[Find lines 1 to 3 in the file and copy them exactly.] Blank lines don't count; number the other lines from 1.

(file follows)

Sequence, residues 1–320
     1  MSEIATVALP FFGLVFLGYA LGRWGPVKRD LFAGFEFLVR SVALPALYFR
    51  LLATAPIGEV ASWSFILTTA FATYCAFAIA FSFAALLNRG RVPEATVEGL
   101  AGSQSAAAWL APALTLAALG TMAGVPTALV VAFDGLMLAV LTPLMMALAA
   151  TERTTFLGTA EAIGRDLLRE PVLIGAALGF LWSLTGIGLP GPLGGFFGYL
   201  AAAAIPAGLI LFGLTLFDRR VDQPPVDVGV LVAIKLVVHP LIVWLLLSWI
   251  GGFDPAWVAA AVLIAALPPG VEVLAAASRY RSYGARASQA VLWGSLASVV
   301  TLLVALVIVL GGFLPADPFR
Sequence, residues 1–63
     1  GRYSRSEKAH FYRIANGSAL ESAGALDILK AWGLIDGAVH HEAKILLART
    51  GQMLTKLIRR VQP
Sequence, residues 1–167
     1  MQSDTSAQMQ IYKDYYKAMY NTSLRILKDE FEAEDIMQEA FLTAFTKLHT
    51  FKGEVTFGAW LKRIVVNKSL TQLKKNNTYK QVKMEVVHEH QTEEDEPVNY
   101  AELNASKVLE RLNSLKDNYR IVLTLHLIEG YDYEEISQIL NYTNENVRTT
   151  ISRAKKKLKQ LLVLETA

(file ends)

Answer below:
Sequence, residues 1–320
     1  MSEIATVALP FFGLVFLGYA LGRWGPVKRD LFAGFEFLVR SVALPALYFR
    51  LLATAPIGEV ASWSFILTTA FATYCAFAIA FSFAALLNRG RVPEATVEGL